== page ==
At the end of last week, the Federal Energy Regulatory Commission gave the go-ahead for a 10-year project testing our ability to generate electricity from the movement of the ocean.
The license permits Public Utility District No. 1 of Snohomish County to install two underwater turbines in the Admiralty Inlet near Seattle, Washington. The turbines will be provided by OpenHydro, and should produce 300 kilowatts a piece. Each turbine is nearly 20 feet high and will be mounted to the sea floor by triangular bases, about 200 feet underwater. They’re designed to generate power over a range of water flow velocities regardless of which direction the tide is flowing. Two 7,000 foot cables will carry the electricity they generate to shore.
This makes tidal power a bit different from wave power, which usually relies on buoys that ride ocean waves and translate that kinetic force into electrical generation.
The Admiralty Inlet is the main connection between the maze-like Puget Sound, which sits alongside the city of Seattle, and the Strait of Juan De Fuca. The Strait, in turn, runs between Washington State’s shoreline and Vancouver Island, and on out to the Pacific Ocean.
Because the Inlet is narrow, and the place where most of the water enters Puget Sound, it naturally speeds the water fast enough to make it a prime spot for driving underwater turbines.
As a pilot, the Admiralty Inlet Tidal Project will be very small; at a total of 600 kilowatts, it will be a tiny fraction of the 454,000 kilowatts generated by the nearby wind farm at Walla Walla. Tidal power is also much more of a work-in-progress than wind power, with only about five projects around the world as of 2010. That also makes it rather expensive source of power: $440 per megawatt-hour, according to Bloomberg, versus $82 per megawatt-hour for coal.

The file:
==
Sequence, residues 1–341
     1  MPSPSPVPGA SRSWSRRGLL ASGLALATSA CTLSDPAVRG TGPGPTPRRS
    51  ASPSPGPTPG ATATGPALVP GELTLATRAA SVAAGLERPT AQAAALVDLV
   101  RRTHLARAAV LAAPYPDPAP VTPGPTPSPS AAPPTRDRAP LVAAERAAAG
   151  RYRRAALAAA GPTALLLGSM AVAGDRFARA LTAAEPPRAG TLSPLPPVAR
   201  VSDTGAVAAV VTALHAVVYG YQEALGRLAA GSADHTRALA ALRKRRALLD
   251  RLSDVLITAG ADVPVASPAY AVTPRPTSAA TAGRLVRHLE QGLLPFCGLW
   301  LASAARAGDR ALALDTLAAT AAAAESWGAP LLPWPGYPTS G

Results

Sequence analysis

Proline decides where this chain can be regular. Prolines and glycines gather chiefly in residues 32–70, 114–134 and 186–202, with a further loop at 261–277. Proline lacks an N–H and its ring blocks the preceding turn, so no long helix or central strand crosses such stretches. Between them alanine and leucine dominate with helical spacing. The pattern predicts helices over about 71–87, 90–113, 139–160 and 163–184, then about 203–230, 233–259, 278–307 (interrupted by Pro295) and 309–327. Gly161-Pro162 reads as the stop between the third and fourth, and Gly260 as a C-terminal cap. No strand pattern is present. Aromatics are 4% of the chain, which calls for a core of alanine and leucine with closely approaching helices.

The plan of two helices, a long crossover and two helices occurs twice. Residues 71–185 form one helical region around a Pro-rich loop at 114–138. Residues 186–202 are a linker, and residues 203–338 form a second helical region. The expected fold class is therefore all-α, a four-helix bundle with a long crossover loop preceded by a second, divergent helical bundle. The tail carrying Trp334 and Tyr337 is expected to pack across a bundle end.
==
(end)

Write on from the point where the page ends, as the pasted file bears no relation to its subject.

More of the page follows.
But the immaturity of the technology is also the problem the Admiralty Inlet project aims to help solve. There’s really no regulatory framework or set of established best practices for deploying tidal power generation, so FERC included a range of requirements in the license to protect fish, wildlife, and natural resources — as well as ensuring the safety of passing ships and a nearby undersea fiber-optic cable that runs from the US to Japan. The license also gives the public utility the job of studying the turbines’ impact on fish, sea mammals, and plant life, as well as any effects on the surrounding marine ecology and the water’s temperature and chemical makeup.
“The Admiralty Inlet Project is an innovative attempt to harness previously untapped energy resources,” said Cheryl LaFleur, FERC’s acting chairman. “I look forward to the results of the experimental project and congratulate Snohomish for undertaking it.”